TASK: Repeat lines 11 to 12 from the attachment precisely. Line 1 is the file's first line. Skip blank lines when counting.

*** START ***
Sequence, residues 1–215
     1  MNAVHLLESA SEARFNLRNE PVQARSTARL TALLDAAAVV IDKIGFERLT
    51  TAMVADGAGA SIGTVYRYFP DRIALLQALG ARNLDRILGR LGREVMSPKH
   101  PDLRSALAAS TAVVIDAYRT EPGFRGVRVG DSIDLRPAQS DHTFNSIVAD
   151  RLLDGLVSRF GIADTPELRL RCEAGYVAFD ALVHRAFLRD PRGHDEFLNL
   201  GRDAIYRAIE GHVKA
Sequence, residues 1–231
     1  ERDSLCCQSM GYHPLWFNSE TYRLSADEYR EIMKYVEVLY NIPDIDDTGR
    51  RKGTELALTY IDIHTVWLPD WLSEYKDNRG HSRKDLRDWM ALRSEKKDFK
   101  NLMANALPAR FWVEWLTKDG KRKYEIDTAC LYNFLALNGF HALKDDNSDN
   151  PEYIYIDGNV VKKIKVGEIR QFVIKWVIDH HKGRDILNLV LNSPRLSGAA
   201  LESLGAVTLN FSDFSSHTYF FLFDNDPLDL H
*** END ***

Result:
   151  PEYIYIDGNV VKKIKVGEIR QFVIKWVIDH HKGRDILNLV LNSPRLSGAA
   201  LESLGAVTLN FSDFSSHTYF FLFDNDPLDL H